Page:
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The “scream queen” has been with us as long as cinema itself but became more notable and memorable when they became audible with the invention of sound (a synchronized soundtrack to me more precise). Possibly the and certainly the most famous scream queen was Fay Wray who appeared in many horror movies but is best known for the classic King Kong (1933). By the 1960’s the scream queen was an archetype of Hollywood movies, even Alfred Hitchcock got in on the act giving Janet Leigh one of cinemas most iconic scenes in Psycho (1960). During the 1960’s and 70’s British cinema developed its own batch of scream queens thanks in part to Hammer horror movies; the most notable of these was the Polish born actress Ingrid Pitt. By the end of the 70’s Leigh’s daughter Jamie Lee Curtis had earned the accolade of being the “ultimate scream queen” following her role in Halloween (1978). With Halloween, director John Carpenter and star Jamie Lee Curtis gave cinema a great gift, a scream queen who fought back making them heroines and not just eye candy and amusement. This is a trend that continued through movies like The Texas Chain Saw Massacre (1974), The Fog (1980) and A Nightmare on Elm Street (1984). The interesting result of this is movies that are empowering when they appear to be exploitative.

Many people feared (and some hoped) that that Scream (1996) with its self (and genre)-aware characters and a more satirical approach would be the end of slasher movies and the scream queens that inhabit them, fortunately they where wrong. Detractors of the horror genre and the female place within it will dismiss not only the character but the moniker of “scream queen” as sexist or derogatory. I think these people somewhat miss the point of the importance of these characters within the genre. On a side point it is worth noting a lot of the so called scream queens are also noted for playing kick ass action heroines too, for example: Kate Beckinsale, Sarah Michelle Gellar and Eliza Dushku.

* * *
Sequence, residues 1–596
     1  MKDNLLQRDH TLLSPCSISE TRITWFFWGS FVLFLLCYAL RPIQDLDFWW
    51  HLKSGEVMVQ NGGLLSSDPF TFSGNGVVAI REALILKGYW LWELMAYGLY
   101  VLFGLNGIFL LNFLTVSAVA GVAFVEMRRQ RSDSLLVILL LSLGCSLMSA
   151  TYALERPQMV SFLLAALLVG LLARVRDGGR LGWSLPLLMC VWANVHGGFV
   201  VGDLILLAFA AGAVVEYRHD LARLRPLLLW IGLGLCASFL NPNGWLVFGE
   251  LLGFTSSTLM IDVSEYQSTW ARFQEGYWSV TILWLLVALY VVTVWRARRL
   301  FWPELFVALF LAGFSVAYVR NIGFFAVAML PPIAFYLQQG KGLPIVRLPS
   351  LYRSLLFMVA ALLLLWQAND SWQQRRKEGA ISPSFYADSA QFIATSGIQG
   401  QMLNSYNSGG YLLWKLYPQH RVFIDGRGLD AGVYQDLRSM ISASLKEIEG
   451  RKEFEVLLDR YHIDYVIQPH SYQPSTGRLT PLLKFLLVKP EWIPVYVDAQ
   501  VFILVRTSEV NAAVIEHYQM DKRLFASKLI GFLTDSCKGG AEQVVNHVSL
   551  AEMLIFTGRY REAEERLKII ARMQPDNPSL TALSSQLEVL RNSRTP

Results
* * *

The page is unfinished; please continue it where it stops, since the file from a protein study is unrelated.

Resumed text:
This leads to the question who are the current scream queens? Thanks to her appearance in the original Halloween franchise (parts 4 and 5 1988/89) and Rob Zombie’s “re-imagining” Danielle Harris is widely regarded as the current scream queen. If you haven’t already check her out in the apocalyptic vampire survival road movie Stake Land (2010), a great low budget movie likely to appear in my top ten movies of the year. There are two other names that stand out for me, hovering somewhere between A list and genre pictures, they are talented actresses who aren’t afraid to get their hands dirty (literally at times) in horror movies when they could have take the easy rom-com option.

Amber Heard: Her breakthrough role should have been All the Boys Love Mandy Lane (2006), sadly it sat on the shelf for two years and remains underappreciated. She also had a small but significant part in Zombie land (2009). More recently she starred in an American remake of And Soon the Darkness (2010). Also little seen, The Ward (2010 ) is the first feature directed by John Carpenter in the best part of a decade and the best for more than two decades. Despite its title and themes Drive Angry (2011) is more an action thriller than a horror but certainly doesn’t harm her credentials.

Melissa George: Following a successful TV career and numerous small parts in movies Melissa George took the starring role alongside Ryan Reynolds in the remake of The Amityville Horror (2005), she followed this with the Americans in peril abroad movie Paradise Lost (2006) also featuring Olivia Wilde. The highlight of her horror career is a choice between 30 Days of Night (2007) and Triangle (2009), the first an innovative and effective vampire movie, the second brilliantly constructed time slip thriller. Later this month sees the release of A Lonely Place to Die, a film I am really looking forward to having recently heard about it.